Monday, 3 December 2007

Economic Development in Bangladesh: A Case of Opposing Factors

The case of economic development in Bangladesh is one of puzzling dilemmas. Bangladesh came into existence in 1971 after fighting a bloody war of separation from Pakistan with the military support of neighboring India. Immediately after independence, the Bangladeshi economy was in dire straits. In the following 37 years, the international community poured billions of dollars of aid into the country. USAID alone provided more than $5 billion in development assistance since 1971. However, while Bangladesh has made commendable progress in certain areas, in spite of international aid flows, it remains one of the world’s least developed countries. This essay will discuss two opposing phenomena that have been salient to Bangladesh’s contemporary development situation. First, it will observe the negative effects of corruption, which have effectively stifled the benefits of international aid inflows. Second, it will discuss the significant positive effects that microfinance institutions have had on development and poverty reduction.

Prior to discussing these effects, this essay will present an overview of the current circumstances of the Bangladeshi economy, emphasizing both the shortcomings and the achievements. Bangladesh’s 2005 purchasing power parity GDP per capita was $2,130, ranking 144th in the world (IMF). However, more than half of the population, approximately 70 million people, lives on less than one dollar per day ($365 per year), highlighting an extremely high degree of inequality. About 3 million children receive no schooling and the adult literacy rates place among the lowest in the world. Maternal and child mortality is tremendously high, as only 27% of all mothers receive adequate pre-natal care. Gender discrimination is widespread, particularly affecting women in rural, low-income households. Bangladesh also suffers from particularly severe environmental degradation and resource depletion.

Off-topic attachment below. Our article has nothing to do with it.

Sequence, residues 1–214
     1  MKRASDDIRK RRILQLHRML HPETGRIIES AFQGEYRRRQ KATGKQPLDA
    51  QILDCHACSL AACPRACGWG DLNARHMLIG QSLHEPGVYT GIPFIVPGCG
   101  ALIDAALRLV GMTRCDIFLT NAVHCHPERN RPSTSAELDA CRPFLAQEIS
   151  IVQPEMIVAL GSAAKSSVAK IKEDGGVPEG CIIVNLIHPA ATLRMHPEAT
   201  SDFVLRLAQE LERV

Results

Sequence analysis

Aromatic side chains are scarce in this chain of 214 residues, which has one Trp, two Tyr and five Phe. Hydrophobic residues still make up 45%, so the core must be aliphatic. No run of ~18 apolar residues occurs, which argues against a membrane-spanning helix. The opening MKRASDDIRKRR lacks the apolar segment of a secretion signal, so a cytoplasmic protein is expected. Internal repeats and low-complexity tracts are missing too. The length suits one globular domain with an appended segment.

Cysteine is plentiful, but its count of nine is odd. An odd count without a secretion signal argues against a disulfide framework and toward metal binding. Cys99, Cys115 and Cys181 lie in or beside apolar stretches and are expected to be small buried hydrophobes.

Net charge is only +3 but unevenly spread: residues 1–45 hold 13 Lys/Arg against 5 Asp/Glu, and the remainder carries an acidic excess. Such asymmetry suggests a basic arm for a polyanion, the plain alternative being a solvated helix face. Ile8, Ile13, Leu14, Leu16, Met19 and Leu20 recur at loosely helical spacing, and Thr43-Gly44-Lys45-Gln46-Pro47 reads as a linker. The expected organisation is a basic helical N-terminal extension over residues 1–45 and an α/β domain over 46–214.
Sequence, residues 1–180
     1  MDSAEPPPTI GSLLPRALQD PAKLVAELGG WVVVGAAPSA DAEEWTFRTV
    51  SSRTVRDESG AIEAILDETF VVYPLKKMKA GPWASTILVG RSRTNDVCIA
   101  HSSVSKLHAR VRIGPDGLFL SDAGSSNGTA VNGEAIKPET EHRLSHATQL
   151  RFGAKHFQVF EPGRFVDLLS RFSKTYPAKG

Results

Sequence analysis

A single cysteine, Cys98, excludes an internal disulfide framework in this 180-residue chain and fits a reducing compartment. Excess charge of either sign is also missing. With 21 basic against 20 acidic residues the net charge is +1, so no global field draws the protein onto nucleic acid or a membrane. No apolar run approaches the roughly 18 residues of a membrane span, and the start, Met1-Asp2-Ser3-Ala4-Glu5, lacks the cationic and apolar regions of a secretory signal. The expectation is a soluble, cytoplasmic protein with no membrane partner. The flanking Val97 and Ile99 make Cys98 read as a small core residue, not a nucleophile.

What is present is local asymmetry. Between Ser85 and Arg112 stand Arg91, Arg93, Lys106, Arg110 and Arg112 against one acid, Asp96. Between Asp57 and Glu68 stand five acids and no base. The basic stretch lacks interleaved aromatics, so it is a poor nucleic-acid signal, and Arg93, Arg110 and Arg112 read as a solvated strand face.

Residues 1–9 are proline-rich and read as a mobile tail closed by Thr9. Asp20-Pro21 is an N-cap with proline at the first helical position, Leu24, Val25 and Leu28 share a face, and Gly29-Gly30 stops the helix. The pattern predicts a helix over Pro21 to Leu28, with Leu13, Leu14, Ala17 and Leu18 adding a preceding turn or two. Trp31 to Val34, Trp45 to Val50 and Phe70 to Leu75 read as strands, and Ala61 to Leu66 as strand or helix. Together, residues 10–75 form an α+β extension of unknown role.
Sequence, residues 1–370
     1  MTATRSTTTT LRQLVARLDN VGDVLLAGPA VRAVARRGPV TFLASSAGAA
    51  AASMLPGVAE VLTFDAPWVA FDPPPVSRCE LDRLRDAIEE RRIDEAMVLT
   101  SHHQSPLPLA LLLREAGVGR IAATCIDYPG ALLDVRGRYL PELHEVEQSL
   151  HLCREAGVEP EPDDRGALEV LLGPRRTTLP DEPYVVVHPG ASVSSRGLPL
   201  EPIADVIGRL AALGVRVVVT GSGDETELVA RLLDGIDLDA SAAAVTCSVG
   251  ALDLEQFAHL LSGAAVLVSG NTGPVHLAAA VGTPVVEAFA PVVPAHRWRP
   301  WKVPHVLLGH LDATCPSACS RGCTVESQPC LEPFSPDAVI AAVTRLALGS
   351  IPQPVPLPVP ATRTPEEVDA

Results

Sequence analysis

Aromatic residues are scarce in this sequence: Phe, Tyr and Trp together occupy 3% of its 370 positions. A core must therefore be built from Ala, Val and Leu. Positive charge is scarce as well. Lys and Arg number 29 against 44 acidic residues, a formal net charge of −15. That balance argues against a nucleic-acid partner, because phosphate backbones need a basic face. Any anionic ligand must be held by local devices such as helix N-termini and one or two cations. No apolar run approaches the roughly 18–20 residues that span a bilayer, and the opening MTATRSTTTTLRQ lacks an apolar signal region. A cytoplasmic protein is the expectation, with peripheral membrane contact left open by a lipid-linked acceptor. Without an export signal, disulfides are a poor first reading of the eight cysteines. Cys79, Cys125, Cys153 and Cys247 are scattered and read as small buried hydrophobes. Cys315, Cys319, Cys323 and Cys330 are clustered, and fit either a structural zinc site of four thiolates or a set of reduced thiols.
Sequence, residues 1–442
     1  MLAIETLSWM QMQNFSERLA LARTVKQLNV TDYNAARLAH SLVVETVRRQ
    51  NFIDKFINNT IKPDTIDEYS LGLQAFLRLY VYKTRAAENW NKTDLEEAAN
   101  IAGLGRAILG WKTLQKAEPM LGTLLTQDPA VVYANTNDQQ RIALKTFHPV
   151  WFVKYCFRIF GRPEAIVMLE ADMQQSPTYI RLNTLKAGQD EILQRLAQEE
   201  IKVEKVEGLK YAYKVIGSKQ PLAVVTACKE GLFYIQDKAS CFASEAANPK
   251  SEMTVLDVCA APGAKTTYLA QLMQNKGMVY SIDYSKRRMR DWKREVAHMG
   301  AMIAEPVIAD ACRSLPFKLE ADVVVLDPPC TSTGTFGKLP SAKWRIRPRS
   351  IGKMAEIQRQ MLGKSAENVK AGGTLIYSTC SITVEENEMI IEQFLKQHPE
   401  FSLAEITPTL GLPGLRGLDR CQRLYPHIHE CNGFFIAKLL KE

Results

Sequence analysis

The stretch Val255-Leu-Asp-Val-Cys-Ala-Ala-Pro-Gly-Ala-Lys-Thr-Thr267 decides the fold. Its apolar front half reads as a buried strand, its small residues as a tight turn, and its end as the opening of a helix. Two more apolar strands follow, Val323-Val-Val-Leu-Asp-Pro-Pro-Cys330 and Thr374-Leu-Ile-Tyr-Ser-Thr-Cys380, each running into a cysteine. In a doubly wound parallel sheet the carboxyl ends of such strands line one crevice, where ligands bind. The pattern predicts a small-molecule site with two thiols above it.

Yet, Bangladesh has experienced some positive development achievements as well. Over the last 10 years, the economy has grown at an average rate of 5% annually. The nation is now nearly self-sufficient in rice production, has eradicated polio and reduced the fertility rate by 50% (USAid 2005). During the 1990s, the infant mortality rate was halved and life expectancy rose to 61 years from 56. The development of microfinance institutions, such as the Grameen Bank, has contributed to the reduction of moderate poverty by 17% and extreme poverty by 13% between 1991 and 1999. The nation’s economy, while having several drawbacks, is not in as dire a condition as suggested by some.